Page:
Framing the Bride: Globalizing Beauty and Romance in Taiwan's Bridal Industry

Framing the Bride: Globalizing Beauty and Romance in Taiwan's Bridal Industry

Framing the Bride: Globalizing Beauty and Romance in Taiwan's Bridal Industry

Framing the Bride: Globalizing Beauty and Romance in Taiwan's Bridal Industry

Synopsis

"Do not be misled by the title of this book. It is a study of Taiwan's bridal industry but it is also a fine ethnography of marriage in contemporary urban Taipei. With great subtlety, Bonnie Adrian shows us how much marriage in Taiwan has changed and how many of the old ways it has retained. She does so with wit and humor."--Margery Wolf, author of "A Thrice-Told Tale: Feminism, Postmodernism, and Ethnographic Responsibility

"Faced with the puzzle of the ubiquitous bridal photography in Taipei, Bonnie Adrian has produced a model ethnography of media-saturated contemporary life. Ethnographically adventurous, analytically smart, and warmly human, this book cleverly unpacks the ways women's canny choices in Taiwan are forged at the intersection of everyday worlds of inter-generational tension, fantasies fed by a keenly competitive local culture industry, and global imagery tied to the transnational beauty industry. Unlike many who work on globalization, Adrian has not lost sight of the ways that gender and family are still at the heart of people's social worlds and women are not victims."--Lila Abu-Lughod, author of "Veiled Sentiments and "Writing Women's Worlds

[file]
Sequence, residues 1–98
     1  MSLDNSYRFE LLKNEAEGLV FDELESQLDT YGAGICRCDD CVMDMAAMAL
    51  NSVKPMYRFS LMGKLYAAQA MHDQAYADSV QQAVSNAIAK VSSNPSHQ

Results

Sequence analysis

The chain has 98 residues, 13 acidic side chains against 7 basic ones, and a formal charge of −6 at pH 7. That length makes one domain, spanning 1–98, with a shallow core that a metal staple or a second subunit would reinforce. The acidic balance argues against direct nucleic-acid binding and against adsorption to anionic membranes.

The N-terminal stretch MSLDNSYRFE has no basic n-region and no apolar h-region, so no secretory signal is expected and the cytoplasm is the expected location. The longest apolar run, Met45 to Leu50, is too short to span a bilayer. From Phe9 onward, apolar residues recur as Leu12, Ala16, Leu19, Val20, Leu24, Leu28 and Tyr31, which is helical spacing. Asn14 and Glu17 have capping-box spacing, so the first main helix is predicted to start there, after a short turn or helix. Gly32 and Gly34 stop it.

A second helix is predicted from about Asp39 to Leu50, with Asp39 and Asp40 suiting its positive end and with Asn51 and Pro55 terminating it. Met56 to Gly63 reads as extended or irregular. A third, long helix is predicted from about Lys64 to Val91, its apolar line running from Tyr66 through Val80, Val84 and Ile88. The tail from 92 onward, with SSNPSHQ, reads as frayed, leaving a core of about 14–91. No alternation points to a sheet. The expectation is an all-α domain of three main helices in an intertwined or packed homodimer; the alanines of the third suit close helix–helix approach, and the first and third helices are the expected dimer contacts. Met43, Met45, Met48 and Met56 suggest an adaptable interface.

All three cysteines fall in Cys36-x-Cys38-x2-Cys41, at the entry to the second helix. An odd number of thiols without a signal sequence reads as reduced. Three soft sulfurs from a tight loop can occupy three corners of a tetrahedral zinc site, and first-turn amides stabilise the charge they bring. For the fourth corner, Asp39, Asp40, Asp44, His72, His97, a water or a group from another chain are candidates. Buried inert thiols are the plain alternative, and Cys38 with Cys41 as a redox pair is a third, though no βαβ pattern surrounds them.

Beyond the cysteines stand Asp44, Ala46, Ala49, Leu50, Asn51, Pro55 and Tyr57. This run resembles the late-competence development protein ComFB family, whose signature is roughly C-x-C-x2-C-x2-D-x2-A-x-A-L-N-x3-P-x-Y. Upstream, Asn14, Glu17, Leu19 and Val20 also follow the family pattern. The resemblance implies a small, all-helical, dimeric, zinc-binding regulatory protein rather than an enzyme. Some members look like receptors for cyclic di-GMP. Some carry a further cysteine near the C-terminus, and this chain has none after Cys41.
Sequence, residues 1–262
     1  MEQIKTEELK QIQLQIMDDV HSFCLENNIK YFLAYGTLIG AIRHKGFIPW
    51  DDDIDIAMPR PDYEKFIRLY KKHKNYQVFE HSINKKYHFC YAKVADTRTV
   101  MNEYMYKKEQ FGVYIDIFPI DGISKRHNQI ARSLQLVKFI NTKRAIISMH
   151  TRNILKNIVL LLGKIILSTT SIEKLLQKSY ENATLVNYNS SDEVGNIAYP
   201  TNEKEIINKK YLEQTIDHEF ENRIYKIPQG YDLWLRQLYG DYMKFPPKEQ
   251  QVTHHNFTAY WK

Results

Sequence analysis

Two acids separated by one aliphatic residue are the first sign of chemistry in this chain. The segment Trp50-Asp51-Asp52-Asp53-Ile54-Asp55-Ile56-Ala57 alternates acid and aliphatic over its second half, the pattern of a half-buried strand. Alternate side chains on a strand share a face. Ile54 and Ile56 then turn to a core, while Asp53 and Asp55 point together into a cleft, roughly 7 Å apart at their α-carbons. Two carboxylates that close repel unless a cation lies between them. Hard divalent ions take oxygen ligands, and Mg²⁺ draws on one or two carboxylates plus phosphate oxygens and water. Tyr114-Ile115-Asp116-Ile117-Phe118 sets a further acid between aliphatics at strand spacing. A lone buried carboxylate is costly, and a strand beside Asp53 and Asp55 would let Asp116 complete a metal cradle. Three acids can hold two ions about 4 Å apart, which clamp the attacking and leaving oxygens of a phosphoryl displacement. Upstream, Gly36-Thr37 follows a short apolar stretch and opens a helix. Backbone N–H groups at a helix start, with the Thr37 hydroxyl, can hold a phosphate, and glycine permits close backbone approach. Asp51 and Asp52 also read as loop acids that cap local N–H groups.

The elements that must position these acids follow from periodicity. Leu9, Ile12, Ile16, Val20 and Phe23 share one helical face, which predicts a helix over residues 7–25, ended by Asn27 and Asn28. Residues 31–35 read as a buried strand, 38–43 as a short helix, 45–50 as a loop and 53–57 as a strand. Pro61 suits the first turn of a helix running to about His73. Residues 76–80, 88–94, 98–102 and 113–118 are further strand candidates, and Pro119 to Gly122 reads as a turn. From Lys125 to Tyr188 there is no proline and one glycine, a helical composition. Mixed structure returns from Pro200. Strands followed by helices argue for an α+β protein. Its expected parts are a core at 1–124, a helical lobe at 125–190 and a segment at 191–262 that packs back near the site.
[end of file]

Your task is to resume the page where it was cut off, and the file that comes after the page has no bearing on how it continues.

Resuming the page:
Excerpt

Taiwanese bridal photography captured my curiosity on the first glance. I was Hui-zhu's English tutor, visiting her at home weekly to help her practice English conversation skills. This was in 1993, when I lived in Taipei for a year, studying Mandarin Chinese at a local university and supporting myself by teaching English. After several weeks of lengthy conversations on a variety of subjects, Hui-zhu and I were becoming well acquainted. One day, I passed by her bedroom and looked inside. Centered directly above her full-size bed hung an enormous portrait of a bride in a white gown and a groom in a tuxedo, framed in ornately carved, gold-painted wood. I paused. the bride, I thought, looked nothing like Hui-zhu. Who could she be? the three-foot-tall portrait was a familiar enough object, but its placement here in Taipei, hanging above a young couple's bed, was disorienting. It looked, to me, like something that belonged in a museum or a castle, not in a modern Taipei flat.

I went back to the den to ask Hui-zhu about this wall hanging. Who is that in the picture? Is it a painting or a photograph? She took me back to her bedroom and explained it was her “wedding photo. ” I could not believe my eyes. Hui-zhu had been married less than a year before. How could she possibly have looked like that? Why, I wondered, would she want this photograph that looked nothing like her, that made her look like a generic Beautiful Bride—soft and sweet, so different from her everyday tough appearance and attitude? Recently married myself, I knew that if I had ordered a photograph of that size from my wedding . . .

Search by... Author
Show... All Results Primary Sources Peer-reviewed

Oops!

An unknown error has occurred. Please click the button below to reload the page. If the problem persists, please try again in a little while.